Kissing Kate Miriam Newman Young Adult YA Literature

Kate was the queen bee; Lissa was her quieter, shyer best friend. They were joined at the hip until Kate got drunk at an end-of-summer party and kissed Lissa – who kissed back. And now it’s a month into the school year and they haven’t spoken since.

Kissing Kate wins high points for realism. Lissa’s confusion and angst are palpable, and her attempts to avoid dealing with her sexuality – and all it implies – is believable. It also manages to avoid some of the overdone tropes of teenage lesbian novels, mostly as a result of not conflating Lissa’s emotional development and self-discovery with her romantic life. This makes a really nice change. Unfortunately, Lissa decides to dabble in hokey new-age dream stuff; her decision to do so is very out of the blue and somewhat forced, and it’s not done nearly as well as the queer teenager stuff.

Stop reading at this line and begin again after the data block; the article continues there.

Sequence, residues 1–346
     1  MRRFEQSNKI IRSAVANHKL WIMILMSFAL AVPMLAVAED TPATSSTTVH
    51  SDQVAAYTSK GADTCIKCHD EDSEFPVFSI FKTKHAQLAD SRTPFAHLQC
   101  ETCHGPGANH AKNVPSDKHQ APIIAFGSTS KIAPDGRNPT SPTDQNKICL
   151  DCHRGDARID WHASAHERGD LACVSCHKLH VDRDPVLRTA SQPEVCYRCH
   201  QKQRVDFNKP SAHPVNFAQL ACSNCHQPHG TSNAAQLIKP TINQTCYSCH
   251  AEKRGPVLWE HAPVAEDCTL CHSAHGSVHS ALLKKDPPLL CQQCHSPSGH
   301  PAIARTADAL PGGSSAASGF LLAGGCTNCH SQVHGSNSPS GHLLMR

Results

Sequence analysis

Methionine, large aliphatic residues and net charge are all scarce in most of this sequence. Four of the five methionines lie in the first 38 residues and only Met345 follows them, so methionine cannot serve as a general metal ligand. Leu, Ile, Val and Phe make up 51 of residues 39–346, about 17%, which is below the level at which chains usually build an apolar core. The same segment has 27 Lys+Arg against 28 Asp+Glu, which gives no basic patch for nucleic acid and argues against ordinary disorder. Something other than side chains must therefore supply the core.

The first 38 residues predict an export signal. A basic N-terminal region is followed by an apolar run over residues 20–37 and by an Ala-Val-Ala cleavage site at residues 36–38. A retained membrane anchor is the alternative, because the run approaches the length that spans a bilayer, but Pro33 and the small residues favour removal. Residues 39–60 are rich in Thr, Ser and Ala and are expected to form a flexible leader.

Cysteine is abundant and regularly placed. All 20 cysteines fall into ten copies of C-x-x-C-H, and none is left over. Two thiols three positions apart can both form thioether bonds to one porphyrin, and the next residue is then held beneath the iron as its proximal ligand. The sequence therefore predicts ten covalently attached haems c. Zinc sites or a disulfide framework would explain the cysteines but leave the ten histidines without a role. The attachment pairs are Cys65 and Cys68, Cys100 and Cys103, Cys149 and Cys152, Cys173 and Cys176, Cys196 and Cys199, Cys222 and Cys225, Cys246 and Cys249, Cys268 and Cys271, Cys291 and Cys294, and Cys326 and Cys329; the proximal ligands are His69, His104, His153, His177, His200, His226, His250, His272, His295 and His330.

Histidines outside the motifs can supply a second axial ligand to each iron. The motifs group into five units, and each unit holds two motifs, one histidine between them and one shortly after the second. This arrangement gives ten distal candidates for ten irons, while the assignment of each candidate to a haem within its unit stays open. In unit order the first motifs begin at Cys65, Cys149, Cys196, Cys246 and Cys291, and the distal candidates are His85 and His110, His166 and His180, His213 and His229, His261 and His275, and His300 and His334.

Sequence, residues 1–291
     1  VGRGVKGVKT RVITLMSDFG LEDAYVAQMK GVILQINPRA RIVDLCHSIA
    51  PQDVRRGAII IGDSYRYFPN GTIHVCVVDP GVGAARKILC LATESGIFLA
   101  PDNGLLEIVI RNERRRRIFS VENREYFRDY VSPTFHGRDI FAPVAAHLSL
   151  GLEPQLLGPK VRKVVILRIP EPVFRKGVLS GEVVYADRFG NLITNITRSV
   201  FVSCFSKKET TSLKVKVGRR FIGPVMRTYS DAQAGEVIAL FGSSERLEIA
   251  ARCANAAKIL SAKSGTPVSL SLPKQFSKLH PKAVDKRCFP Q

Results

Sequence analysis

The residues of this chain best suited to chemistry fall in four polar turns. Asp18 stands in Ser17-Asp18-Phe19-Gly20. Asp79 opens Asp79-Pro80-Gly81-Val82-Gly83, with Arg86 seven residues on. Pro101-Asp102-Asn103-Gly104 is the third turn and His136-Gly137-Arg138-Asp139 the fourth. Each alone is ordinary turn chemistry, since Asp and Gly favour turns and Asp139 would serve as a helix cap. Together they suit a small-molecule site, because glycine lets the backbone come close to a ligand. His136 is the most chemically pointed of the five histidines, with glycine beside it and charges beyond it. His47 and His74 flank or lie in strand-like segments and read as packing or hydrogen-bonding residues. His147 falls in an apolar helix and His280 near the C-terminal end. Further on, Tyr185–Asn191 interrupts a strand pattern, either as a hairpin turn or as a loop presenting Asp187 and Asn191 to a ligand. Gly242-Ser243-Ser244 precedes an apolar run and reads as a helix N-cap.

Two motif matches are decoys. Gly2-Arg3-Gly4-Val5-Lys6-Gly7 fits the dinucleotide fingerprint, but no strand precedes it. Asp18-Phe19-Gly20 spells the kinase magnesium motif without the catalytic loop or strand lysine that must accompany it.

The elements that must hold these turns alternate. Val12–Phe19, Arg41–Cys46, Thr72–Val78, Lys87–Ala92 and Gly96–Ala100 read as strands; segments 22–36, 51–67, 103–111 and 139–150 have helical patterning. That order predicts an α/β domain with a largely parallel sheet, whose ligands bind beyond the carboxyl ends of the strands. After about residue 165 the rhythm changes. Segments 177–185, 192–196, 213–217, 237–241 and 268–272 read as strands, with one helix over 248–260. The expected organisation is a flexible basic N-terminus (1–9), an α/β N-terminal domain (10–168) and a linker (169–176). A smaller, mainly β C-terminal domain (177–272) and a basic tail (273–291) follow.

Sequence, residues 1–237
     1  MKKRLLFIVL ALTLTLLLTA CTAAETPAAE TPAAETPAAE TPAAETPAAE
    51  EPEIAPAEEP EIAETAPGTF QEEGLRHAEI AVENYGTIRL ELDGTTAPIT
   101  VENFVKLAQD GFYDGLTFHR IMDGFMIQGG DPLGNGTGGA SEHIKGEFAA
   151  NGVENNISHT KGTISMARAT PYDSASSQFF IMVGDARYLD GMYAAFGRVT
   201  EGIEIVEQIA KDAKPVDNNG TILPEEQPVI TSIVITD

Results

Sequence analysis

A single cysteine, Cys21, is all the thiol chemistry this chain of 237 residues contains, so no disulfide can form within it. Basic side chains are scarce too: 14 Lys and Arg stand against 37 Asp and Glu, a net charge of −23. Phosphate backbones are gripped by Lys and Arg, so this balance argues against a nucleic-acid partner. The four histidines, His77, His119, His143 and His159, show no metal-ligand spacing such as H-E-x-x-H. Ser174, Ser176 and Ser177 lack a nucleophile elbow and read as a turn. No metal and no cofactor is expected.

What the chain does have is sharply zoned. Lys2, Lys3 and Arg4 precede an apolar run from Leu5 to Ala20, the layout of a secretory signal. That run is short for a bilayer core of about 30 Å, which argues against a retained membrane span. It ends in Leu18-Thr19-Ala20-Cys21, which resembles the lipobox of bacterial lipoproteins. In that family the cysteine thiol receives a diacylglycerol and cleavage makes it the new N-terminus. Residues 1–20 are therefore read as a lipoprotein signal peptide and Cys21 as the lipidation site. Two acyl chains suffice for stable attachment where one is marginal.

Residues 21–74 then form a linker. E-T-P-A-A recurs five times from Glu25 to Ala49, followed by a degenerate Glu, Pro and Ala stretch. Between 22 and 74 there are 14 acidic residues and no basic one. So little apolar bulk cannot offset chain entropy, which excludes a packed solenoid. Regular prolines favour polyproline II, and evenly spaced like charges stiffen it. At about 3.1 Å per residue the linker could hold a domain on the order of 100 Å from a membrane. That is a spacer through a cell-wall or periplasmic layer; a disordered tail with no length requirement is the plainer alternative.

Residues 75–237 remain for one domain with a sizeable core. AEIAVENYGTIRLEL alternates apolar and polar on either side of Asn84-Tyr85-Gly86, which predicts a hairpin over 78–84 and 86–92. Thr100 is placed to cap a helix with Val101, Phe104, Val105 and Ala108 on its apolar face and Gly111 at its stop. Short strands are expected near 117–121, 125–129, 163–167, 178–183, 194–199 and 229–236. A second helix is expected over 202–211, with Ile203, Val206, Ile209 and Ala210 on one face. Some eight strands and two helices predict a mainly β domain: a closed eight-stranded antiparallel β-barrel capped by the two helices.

Queer lit still has an overly compact canon. I’m perfectly happy to accept Kissing Kate into it.

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